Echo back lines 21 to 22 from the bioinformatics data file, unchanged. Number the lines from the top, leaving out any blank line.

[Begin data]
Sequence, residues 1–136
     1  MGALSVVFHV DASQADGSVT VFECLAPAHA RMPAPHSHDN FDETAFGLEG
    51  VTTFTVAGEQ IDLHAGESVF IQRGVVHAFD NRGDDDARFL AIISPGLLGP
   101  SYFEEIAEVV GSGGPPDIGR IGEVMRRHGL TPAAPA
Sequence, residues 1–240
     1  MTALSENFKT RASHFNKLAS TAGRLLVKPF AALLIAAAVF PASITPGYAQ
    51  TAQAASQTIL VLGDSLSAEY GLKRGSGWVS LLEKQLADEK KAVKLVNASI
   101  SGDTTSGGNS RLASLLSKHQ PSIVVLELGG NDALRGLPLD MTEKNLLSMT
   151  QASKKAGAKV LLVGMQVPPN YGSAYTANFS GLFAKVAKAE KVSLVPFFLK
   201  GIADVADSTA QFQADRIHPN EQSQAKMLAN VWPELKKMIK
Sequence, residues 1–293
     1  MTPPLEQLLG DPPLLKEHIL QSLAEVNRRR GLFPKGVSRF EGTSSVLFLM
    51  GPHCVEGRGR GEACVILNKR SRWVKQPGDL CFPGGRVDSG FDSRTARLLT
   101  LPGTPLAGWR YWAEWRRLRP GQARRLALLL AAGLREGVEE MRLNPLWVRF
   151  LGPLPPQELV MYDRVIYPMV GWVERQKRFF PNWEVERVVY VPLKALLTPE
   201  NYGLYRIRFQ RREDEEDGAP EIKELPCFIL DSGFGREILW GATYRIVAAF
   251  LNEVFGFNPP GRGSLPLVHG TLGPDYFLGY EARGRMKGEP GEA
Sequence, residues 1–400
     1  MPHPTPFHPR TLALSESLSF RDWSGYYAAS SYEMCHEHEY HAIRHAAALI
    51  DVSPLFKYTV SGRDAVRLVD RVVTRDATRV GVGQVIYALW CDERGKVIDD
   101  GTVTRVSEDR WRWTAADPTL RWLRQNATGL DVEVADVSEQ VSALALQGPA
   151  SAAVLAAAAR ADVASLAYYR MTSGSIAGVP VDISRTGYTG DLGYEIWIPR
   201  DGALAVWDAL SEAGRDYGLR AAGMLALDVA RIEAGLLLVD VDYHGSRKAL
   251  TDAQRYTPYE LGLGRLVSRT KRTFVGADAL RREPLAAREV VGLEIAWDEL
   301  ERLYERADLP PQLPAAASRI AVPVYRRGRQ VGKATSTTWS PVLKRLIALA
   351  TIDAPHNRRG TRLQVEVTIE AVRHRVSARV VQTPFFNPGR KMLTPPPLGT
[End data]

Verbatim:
   101  GTVTRVSEDR WRWTAADPTL RWLRQNATGL DVEVADVSEQ VSALALQGPA
   151  SAAVLAAAAR ADVASLAYYR MTSGSIAGVP VDISRTGYTG DLGYEIWIPR